We have a couple of interesting potential partners, but could do with adding some more candidates from around the country… which leads me to make a bit of a bleg: if anyone could recommend US newspaper printers we’d be very grateful. It’s been particularly difficult to find printers that can (or are willing) to produce newspapers digitally (i.e. in small runs that remain economic), so suggestions in this area would be even more gratefully received. Please email me at gareth[at]newspaperclub[dot]co[dot]uk.

It’s probably worth pointing out that just because we’re getting all excited about the US, it doesn’t mean we’re not also thinking about the rest of the world. We’re always interested to talk to people who have ideas about how we might work together in places we’re not, but should be…

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Filed under: developments, printers

Ipex 2010: Engineering Dept Report

Newspaper Club bridges two worlds – the web and the printing industries. We think we understand the web fairly well – that’s our background as a team. But printing is hard, and we need to understand printing technologies and logistics to the same degree if we’re going to build products and services that pay to both world’s strengths.

Ipex is the largest printing technology trade show in the English speaking world, and it’s on at the moment. So I decided to go.

I knew it was going to be big, but nothing quite prepares you for 11 halls of the Birmingham NEC. It’s absolutely huge.


That’s not surprising when you get inside. There are companies that must have relocated their entire industrial operations into the NEC for a week. Vast stands, with massive machines churning out demo print after demo print. Robot arms lifting parcel after parcel of newsprint. Conveyor belts with box after box going round and round. And it’s all shiny, clean and, dare I say, beautiful.


Technology trade shows are the same the worldwide. There are suited men wearing wrap-around microphones demoing hypnotising high-speed lamination machines. Huge bags of publicity materials to avoid. Branded 32MB USB sticks. Prize draws for obscure pieces of technology.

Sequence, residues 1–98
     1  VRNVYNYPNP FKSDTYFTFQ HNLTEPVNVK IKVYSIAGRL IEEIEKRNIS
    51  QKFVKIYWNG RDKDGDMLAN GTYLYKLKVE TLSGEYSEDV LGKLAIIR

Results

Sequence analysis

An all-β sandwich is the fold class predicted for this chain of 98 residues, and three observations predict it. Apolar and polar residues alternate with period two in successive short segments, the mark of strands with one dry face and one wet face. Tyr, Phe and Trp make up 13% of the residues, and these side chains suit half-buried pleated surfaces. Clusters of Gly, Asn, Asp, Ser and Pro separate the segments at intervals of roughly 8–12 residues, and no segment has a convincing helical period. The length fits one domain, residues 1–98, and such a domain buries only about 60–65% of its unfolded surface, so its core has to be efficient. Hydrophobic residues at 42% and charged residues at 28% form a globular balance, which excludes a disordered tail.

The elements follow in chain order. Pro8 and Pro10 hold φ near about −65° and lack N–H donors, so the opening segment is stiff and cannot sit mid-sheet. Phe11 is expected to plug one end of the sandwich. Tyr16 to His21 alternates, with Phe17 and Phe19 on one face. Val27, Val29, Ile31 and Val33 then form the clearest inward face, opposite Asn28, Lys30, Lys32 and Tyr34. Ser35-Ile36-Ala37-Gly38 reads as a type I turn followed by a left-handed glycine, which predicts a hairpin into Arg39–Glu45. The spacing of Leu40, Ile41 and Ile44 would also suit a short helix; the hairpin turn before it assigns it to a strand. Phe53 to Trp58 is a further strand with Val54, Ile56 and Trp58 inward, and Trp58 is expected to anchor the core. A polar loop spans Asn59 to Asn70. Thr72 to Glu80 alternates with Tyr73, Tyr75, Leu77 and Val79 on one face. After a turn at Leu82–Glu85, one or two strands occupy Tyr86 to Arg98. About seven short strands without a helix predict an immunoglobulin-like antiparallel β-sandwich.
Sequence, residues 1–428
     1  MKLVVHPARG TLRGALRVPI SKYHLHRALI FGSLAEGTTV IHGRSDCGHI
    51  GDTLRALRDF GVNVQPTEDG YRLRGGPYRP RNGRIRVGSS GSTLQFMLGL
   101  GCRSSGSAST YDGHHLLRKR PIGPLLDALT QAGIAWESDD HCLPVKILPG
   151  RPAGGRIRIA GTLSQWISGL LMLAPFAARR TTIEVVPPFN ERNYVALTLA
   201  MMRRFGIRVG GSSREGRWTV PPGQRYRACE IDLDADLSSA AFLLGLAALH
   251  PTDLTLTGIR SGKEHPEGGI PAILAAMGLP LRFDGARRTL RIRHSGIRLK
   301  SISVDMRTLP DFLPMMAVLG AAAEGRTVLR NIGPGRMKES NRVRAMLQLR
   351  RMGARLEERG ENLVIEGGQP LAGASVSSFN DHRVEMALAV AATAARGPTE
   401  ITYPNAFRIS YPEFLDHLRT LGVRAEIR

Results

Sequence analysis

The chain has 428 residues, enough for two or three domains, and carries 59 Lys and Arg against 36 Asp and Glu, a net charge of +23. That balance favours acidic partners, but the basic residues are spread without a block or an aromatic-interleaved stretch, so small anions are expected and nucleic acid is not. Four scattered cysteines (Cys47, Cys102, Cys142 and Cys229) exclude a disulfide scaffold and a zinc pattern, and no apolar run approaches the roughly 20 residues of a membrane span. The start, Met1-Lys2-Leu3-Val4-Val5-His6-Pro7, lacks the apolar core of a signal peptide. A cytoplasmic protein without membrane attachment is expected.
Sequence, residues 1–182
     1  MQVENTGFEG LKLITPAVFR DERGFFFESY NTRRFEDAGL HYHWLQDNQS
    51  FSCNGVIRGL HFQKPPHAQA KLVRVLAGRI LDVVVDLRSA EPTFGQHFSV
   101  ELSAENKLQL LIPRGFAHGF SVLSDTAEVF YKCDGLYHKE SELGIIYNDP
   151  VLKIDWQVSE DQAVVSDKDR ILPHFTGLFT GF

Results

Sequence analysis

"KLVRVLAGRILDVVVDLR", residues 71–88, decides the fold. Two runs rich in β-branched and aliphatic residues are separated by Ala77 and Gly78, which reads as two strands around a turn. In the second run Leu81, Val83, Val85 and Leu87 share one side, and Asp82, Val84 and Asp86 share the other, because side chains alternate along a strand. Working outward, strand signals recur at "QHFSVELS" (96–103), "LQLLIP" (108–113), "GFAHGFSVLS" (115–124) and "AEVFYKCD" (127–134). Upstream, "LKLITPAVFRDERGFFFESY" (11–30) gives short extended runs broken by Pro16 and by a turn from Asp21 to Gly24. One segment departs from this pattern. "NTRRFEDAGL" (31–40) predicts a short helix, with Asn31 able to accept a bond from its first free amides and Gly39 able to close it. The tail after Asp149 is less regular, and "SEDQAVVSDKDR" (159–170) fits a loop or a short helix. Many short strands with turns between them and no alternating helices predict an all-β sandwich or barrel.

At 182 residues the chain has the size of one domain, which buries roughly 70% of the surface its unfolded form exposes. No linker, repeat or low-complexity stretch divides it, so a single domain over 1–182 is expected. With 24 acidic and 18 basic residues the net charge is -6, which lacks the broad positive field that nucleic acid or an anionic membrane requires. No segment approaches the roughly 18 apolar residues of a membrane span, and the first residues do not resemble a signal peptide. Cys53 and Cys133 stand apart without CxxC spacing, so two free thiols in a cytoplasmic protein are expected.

Win this machine

I came away slightly surprised that the technology is still marching towards printing more copies, faster and glossier. I guess that’s valid for certain section of the industry, but that’s not what we’re trying to do.

We’ve made it no secret that we’d like to be able to print one copy of a newspaper, on demand, shipped to you, preferably in colour. If we were called Glossy Magazine Club, we’d be there. But the thinner paper of newsprint is still an issue for many of the short-run machines.

That said, there are a handful of companies making strides, and at risk of breaching our strict “under promise, over deliver” policy, hopefully we’ll be there before too long.

And it made me more excited about Newspaper Club. At its simplest, we wrap all of these amazing technologies and systems in a friendly face; something that the printing industry finds hard to do. And printing is going from strength to strength – presses are still being bought, and they’re getting smaller, less polluting and more efficient.

Overall, despite leaving the NEC smelling of toner, it was a day well spent.

Posted by Tom | Comments Off on Ipex 2010: Engineering Dept Report

Filed under: engineering, printers

Things Our Friends Sent Us For Printing

Last week we were in Austin, Texas to speak at SXSW Interactive. We also went to hear other talks, to meet up with friends and to investigate taking Newspaper Club to America.

We thought it would be a good idea to print a newspaper while we were there and seeing as our panel was at the end of the week we thought we would include content generated during the conference.

Things Our Friends Sent Us For Printing

Things Our Friends Sent Us For Printing

Things Our Friends Sent Us For Printing contained articles kindly written for us by Matt Jones, Bobbie Johnson, Clay Shirky, Warren Ellis, Dan Hill and James Bridle.

Things Our Friends Sent Us For Printing